Older adults frequently experience neck pain and back pain, with a variety of anatomical, pathological, and physiological factors involved in the development of symptoms. Arthritis is a common cause of neck pain in seniors attributed to the spine itself, as are discogenic disorders, trauma, tumours, and infection. Other issues involve the muscles in the neck, or nervous system function. Below, we outline some key causes of neck pain, because knowing its origins is essential to getting appropriate treatments and, where possible, for preventing pain recurring.
Muscular Causes of Neck Pain
The muscles in the neck may trigger pain in cases of myofascial pain syndrome, torticollis or fibromyalgia, as well as after accidents resulting in whiplash. Seniors may be more at risk of musculoskeletal problems due to an increasingly sedentary lifestyle and loss of muscle, increased frequency of falls and slower healing time, and also from conditions like diabetes which are more common with age.
Medications and Neck Pain
Seniors are also more likely to be taking medications that can have adverse effects on long-term bone health, such as non-steroidal anti-inflammatory drugs (NSAIDs), as well as having a lifetime of accumulated wear and tear that predispose them to neck pain. Osteoporosis, osteoarthritis, and calcification of connective tissue may be factors in neck pain in seniors, as can systemic inflammation that leads to pinched nerves in the neck.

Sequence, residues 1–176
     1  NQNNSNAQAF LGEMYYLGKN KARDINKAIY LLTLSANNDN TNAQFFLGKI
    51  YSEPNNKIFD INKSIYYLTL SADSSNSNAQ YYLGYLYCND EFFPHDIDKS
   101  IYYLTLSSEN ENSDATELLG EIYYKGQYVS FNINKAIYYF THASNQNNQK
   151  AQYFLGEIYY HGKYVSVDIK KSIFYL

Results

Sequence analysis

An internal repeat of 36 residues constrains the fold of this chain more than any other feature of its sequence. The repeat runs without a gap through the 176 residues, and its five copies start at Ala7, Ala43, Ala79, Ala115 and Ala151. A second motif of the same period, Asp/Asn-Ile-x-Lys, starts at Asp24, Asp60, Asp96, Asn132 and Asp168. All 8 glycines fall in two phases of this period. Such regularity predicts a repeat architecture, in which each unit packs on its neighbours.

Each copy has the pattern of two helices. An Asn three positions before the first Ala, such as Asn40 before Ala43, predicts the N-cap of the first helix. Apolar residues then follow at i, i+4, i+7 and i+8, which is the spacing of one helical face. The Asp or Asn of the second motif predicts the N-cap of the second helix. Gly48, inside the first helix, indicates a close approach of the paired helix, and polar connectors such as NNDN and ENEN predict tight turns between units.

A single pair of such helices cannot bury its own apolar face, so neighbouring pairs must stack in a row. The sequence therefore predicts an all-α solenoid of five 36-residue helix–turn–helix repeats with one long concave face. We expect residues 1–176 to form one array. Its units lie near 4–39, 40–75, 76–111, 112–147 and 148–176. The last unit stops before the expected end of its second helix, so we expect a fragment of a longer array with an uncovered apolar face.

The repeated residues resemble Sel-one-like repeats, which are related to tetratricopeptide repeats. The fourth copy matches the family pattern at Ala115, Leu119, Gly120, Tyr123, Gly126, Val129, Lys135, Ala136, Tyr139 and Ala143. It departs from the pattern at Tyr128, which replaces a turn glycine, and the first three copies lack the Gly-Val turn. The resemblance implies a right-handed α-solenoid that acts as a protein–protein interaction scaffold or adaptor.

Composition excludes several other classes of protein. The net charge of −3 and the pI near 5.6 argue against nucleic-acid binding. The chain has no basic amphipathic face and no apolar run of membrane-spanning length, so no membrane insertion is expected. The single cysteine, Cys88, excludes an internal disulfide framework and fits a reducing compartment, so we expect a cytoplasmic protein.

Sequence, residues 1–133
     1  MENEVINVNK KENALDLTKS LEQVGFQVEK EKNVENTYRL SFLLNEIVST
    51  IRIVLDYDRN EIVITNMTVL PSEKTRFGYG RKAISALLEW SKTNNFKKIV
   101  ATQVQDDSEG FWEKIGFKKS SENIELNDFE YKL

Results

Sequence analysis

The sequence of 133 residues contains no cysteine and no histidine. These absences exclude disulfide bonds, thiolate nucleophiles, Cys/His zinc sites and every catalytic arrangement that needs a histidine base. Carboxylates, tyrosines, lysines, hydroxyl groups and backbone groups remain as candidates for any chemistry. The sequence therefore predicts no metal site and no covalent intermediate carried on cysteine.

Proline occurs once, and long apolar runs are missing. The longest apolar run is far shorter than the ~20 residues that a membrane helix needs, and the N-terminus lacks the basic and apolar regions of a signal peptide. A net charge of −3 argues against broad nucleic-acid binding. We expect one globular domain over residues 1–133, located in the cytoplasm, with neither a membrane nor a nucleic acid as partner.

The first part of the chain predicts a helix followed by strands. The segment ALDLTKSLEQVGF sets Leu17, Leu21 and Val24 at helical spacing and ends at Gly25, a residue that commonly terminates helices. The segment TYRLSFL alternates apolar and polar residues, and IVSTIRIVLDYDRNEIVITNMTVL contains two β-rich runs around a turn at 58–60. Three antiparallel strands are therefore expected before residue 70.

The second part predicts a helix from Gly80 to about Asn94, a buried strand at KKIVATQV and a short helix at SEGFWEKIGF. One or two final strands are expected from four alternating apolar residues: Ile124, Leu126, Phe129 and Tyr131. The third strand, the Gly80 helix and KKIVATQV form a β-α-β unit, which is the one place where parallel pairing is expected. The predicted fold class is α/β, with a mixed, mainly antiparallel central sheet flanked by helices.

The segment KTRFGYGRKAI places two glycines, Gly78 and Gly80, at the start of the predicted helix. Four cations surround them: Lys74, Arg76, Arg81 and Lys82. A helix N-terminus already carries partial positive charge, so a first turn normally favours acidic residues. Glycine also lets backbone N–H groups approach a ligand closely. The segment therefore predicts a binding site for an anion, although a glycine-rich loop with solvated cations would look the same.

Additionally, many post-menopausal women experience problems with thyroid health that can go undetected for years and this can lead to swelling of the thyroid gland, putting pressure on other structures in the neck. Older people are also more likely to become dehydrated, leading to a sore throat and neck pain.
Treating Neck Pain in Seniors
As you can see, there is quite a variety of possible causes of neck pain in seniors, which can make it very difficult to figure out how to manage neck pain effectively in this patient demographic.